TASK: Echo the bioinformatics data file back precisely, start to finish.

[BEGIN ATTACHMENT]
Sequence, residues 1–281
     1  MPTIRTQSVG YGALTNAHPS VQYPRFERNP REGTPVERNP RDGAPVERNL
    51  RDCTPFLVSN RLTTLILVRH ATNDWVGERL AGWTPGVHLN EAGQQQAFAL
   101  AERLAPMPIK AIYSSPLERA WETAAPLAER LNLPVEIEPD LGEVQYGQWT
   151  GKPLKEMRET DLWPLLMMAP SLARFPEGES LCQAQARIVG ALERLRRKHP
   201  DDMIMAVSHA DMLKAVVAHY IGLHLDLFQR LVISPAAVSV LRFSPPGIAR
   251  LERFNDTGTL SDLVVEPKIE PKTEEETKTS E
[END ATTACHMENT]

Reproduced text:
Sequence, residues 1–281
     1  MPTIRTQSVG YGALTNAHPS VQYPRFERNP REGTPVERNP RDGAPVERNL
    51  RDCTPFLVSN RLTTLILVRH ATNDWVGERL AGWTPGVHLN EAGQQQAFAL
   101  AERLAPMPIK AIYSSPLERA WETAAPLAER LNLPVEIEPD LGEVQYGQWT
   151  GKPLKEMRET DLWPLLMMAP SLARFPEGES LCQAQARIVG ALERLRRKHP
   201  DDMIMAVSHA DMLKAVVAHY IGLHLDLFQR LVISPAAVSV LRFSPPGIAR
   251  LERFNDTGTL SDLVVEPKIE PKTEEETKTS E